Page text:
(2nd LD) Former President Chun Doo-hwan dies at 90
(ATTN: UPDATES throughout with more details; ADDS photos)
By Lee Haye-ah
SEOUL, Nov. 23 (Yonhap) -- Former President Chun Doo-hwan, a general-turned strongman widely criticized for seizing power through a 1979 military coup and ruthlessly quelling a pro-democracy civil uprising in the southwestern city of Gwangju the following year, died Tuesday at the age of 90.
Chun died at his home in western Seoul around 8:40 a.m. after battling chronic ailments, aides said.
His body will be taken to Seoul's Severance Hospital, said Min Jeong-ki, a former presidential secretary.
Chun's last wish was that his remains be buried "on a frontline high ground overlooking North Korean territory," Min said, adding Chun's body will be cremated before being buried at a site to be determined later.
The former Army general rose to power after staging a coup in the wake of the assassination of then President Park Chung-hee in 1979 and ruled the country until 1988.
One of his biggest and darkest political legacies is his deadly crackdown on the Gwangju pro-democracy civil uprising in 1980, which left more than 200 dead and 1,800 others wounded, according to conservative official data.
Chun was born into a poor family in Hapcheon, South Gyeongsang Province, on Jan. 18, 1931. He entered the Korea Military Academy in 1951.
At the academy, he befriended Roh Tae-woo, who would later become his right-hand man and serve in various capacities during Chun's administration before being elected president himself and succeeding Chun.
Before becoming president, Chun enjoyed an illustrious career that included a stint at the state spy agency, the Army 1st Special Forces Group, which he headed, and as a member of Park's presidential security service.
Chun consolidated power after quelling the uprising in Gwangju in 1980 by launching a supra-constitutional emergency committee and laying out regulations on political activity, which led to the dissolution of parliament and strengthened his grip on power.
The same year he retired from the military after more than 25 years of service and began what would become the most notorious rule in modern Korean history.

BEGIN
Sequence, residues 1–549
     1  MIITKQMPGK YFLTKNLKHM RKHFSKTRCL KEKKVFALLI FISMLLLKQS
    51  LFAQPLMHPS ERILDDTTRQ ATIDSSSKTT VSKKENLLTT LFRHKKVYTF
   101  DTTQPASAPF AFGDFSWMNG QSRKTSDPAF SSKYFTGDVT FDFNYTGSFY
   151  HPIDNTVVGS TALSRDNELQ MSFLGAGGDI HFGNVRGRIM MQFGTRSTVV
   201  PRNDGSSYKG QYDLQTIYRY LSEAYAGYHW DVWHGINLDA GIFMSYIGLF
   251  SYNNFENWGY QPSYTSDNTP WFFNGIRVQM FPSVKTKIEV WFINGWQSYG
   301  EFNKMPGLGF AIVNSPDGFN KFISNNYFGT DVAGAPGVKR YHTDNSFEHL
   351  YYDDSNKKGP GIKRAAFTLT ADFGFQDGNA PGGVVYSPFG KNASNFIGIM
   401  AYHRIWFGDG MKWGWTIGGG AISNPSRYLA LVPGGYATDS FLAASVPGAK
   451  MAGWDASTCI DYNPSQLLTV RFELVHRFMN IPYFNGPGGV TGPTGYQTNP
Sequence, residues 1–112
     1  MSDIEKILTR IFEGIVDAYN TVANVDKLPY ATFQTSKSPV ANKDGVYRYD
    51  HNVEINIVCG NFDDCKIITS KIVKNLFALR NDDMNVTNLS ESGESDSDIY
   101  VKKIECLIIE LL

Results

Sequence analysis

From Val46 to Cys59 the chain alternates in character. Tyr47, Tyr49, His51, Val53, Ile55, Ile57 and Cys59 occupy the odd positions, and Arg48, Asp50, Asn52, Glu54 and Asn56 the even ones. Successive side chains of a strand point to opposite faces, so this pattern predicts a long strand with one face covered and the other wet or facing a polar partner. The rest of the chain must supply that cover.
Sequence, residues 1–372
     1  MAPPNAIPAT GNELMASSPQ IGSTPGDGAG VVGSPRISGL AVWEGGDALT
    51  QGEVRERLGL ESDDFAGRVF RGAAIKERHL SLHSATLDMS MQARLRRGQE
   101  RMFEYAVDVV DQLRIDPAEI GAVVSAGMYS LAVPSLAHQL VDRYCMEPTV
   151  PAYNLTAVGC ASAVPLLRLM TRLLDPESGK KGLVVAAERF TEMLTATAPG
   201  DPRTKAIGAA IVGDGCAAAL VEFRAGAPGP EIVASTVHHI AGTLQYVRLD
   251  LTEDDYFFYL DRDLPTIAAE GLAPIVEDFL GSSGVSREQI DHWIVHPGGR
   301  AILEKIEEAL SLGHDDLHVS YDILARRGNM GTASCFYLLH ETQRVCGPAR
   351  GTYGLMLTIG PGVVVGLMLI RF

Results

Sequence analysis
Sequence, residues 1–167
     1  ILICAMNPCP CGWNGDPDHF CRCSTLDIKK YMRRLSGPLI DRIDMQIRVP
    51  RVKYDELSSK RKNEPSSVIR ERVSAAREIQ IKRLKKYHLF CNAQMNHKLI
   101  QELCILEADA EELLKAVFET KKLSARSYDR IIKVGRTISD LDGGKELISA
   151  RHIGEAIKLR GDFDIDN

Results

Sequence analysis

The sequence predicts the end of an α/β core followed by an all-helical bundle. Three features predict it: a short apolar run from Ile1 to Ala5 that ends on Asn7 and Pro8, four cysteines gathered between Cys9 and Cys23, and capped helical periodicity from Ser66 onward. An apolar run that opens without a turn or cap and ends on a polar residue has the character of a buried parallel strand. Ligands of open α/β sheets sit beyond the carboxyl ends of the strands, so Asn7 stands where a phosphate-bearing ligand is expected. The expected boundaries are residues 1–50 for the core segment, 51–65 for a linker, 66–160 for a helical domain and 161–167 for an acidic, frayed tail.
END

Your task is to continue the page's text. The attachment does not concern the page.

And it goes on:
He forced the resignation of then acting President Choi Kyu-hah in August 1980, paving the way for his election as president. He was inaugurated in September under the banner of eradicating corruption and political strife, with a particular emphasis on achieving a just society.
After leaving office in 1988, Chun was mired by a series of controversies over his alleged corruption. He issued a public apology for his past wrongdoings during his time in office and donated more than 16 billion won (US$13.4 million) in political funds and private wealth before effectively going into exile at a Buddhist temple with his wife, Lee Sun-ja.
During his time in exile, Chun was summoned to testify before the National Assembly, where Roh Moo-hyun, a then lawmaker who later became president, threw a nameplate at him.
Even after returning home at the end of 1990, Chun was dogged by prosecutorial investigations over illegalities committed before and during his time in office, including in the course of the coup and Gwangju crackdown.
He was summoned by the prosecution on charges of treason in December 1995, but he defied the order by reading out a public statement outside his home saying he would not cooperate with the investigation.
A warrant was issued the next day for his arrest, and he was eventually incarcerated at a prison in his hometown of Hapcheon.
In 1996, Chun was convicted of treason and sentenced to life in prison but pardoned the following year by then President Kim Young-sam in the name of national unity.
Chun has been credited by some supporters with bringing prices under control and helping win Seoul's bid to host the 1988 Summer Olympics, which raised the country's profile on the international stage.
Chun is survived by his wife, three sons and a daughter.
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